August 18, 2019 – Last week was another incredibly volatile period for financial markets, with trade tensions, mixed economic data, and an inverted yield curve contributing to wild swings in stock and bond markets. While the recession risks have risen, it is still not our base case that the U.S. will enter recession or experience negative government interest rates prior to next year’s election.
August 1, 2019—Just when we think we have a fairly good read on the prospects for policy—namely monetary policy and trade policy—we get thrown another curve ball of the trade variety.
On Thursday, President Trump announced via Twitter that tariffs would be increased by 10% on the remaining roughly $300 billion of U.S. imports from China beginning September 1. This comes on the heels of the first in-person trade talks between the U.S.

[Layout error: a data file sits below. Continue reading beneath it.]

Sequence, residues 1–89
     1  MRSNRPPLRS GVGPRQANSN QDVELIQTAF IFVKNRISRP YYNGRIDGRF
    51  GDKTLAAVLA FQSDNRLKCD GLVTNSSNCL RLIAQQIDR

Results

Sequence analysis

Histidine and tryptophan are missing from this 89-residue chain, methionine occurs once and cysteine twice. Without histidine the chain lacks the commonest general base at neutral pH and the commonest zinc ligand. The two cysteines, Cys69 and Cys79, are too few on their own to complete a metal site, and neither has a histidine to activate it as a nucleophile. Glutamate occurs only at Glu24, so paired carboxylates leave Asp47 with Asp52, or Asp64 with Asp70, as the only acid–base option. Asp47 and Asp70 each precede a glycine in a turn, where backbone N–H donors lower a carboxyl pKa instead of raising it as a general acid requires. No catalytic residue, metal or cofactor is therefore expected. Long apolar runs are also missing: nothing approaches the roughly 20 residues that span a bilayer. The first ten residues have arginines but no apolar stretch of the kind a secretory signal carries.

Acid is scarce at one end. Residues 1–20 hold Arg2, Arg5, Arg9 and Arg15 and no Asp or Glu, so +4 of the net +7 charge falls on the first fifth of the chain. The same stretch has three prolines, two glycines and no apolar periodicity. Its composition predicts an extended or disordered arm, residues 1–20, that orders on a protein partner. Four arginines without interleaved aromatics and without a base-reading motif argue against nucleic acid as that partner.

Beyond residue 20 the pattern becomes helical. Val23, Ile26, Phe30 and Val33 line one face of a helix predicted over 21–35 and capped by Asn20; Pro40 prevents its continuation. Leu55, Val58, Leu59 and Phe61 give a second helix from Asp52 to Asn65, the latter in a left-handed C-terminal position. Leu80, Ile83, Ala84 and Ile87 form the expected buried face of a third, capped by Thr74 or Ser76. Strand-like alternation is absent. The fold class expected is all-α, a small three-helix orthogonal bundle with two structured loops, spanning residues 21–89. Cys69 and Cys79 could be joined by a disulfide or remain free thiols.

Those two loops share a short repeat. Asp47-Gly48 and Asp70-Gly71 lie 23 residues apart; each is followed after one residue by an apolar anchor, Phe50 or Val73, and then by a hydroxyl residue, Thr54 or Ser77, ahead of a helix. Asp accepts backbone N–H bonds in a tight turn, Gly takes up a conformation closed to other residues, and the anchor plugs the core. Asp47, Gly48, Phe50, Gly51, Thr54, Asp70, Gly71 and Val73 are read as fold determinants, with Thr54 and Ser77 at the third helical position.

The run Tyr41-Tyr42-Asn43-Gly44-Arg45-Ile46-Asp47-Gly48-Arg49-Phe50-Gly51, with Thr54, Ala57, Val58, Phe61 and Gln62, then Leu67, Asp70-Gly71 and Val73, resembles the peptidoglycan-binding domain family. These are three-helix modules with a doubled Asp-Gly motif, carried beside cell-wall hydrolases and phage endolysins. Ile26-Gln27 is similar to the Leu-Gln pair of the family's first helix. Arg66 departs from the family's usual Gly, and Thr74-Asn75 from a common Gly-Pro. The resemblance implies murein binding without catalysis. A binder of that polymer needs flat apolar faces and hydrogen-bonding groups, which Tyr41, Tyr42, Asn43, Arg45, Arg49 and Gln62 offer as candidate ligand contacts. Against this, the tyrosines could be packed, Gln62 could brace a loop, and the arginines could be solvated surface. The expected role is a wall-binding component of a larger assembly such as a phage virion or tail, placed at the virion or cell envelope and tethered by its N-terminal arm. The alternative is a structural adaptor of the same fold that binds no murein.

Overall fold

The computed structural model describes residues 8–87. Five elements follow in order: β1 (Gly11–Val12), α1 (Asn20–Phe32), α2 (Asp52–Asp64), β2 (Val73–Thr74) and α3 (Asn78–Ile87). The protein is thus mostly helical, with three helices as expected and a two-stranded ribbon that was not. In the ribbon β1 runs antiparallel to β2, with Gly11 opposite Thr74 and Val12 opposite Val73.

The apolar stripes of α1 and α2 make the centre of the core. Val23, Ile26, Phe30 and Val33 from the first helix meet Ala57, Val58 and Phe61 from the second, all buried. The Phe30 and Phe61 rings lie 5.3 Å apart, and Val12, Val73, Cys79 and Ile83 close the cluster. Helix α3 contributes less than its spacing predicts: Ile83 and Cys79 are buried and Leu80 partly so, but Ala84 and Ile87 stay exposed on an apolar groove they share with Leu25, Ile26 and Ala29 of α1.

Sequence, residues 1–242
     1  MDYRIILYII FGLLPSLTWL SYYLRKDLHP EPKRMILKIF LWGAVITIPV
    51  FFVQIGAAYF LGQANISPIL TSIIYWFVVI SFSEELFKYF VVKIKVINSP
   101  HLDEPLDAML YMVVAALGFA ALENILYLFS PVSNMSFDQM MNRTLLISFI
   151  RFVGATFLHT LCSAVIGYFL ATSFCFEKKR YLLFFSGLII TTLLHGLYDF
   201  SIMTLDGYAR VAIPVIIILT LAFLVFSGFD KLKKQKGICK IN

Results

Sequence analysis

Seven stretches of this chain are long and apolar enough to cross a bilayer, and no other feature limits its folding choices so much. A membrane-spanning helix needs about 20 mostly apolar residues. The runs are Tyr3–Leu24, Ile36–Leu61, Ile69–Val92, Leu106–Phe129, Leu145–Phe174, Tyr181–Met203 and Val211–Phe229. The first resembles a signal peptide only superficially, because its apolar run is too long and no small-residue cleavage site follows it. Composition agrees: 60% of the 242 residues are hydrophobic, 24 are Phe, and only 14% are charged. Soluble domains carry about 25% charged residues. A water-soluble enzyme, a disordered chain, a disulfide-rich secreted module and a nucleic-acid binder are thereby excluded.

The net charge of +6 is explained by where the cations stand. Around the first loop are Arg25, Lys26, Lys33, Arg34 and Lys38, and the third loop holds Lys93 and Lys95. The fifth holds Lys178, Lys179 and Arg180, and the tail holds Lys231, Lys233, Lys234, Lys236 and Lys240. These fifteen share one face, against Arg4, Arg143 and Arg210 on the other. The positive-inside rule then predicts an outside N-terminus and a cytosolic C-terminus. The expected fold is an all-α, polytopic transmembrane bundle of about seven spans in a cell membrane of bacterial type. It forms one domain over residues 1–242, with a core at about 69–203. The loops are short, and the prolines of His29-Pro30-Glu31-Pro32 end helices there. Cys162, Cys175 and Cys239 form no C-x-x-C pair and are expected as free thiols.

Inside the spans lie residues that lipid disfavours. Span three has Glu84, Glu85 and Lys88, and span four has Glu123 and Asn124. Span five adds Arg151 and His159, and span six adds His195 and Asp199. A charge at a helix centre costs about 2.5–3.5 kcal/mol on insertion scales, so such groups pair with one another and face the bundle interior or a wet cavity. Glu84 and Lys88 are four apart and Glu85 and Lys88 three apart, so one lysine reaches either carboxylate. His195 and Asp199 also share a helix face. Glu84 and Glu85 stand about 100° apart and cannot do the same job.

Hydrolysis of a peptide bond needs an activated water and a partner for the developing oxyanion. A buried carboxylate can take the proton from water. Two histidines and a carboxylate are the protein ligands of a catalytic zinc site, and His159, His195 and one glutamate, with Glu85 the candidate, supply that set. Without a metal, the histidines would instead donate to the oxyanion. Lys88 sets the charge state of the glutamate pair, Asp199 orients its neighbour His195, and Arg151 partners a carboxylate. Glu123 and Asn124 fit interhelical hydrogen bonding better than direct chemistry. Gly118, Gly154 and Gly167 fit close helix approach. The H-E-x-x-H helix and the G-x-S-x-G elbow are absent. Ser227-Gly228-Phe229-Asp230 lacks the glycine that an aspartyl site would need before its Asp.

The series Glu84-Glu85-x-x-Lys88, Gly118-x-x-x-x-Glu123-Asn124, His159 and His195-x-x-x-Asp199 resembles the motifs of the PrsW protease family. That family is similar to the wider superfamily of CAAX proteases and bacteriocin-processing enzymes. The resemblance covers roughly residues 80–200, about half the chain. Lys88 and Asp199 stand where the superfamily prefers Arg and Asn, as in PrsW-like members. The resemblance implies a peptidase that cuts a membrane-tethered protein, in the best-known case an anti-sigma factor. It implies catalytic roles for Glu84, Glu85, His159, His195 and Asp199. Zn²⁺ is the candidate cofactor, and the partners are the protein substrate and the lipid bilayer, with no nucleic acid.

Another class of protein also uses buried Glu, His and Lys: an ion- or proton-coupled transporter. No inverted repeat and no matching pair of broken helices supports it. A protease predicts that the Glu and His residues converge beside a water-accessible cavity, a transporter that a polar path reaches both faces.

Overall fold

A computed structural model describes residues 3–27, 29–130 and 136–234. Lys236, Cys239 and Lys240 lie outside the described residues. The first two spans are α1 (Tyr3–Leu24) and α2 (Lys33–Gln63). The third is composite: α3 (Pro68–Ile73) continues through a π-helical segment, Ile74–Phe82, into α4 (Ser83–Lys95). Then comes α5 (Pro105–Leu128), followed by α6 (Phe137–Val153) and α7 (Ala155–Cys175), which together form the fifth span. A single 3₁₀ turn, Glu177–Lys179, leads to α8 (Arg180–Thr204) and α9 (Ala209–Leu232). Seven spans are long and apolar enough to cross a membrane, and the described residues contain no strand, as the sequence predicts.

June 18, 2019—There are two sides to every story. And then there is the truth, which often lies somewhere in the middle. This is true of stock and bond markets today, and while we are not in the business of “taking sides,” we think there is truth to both narratives.
Four months into 2019 and the S&P 500 is up 17% (price return), making it the seventh best start to the year for the index since 1929. One sector is just barely eking out a positive return: health care. The return spread between health care and the best-performing sector—technology—over just the first four months of the year is a staggering 24%.There are two main reasons why the health care sector appears to be on life support.
May 17, 2019 – This week’s nearly round trip in stock markets serves as yet another reminder that it is incredibly difficult and misguided to try to predict short-term movements in the financial markets. After a steep -2.5% drop in the S&P 500 on Monday, in response to an escalating trade war between the U.S. and China, the market clawed its way back and was set to close flat on the week as of Thursday afternoon.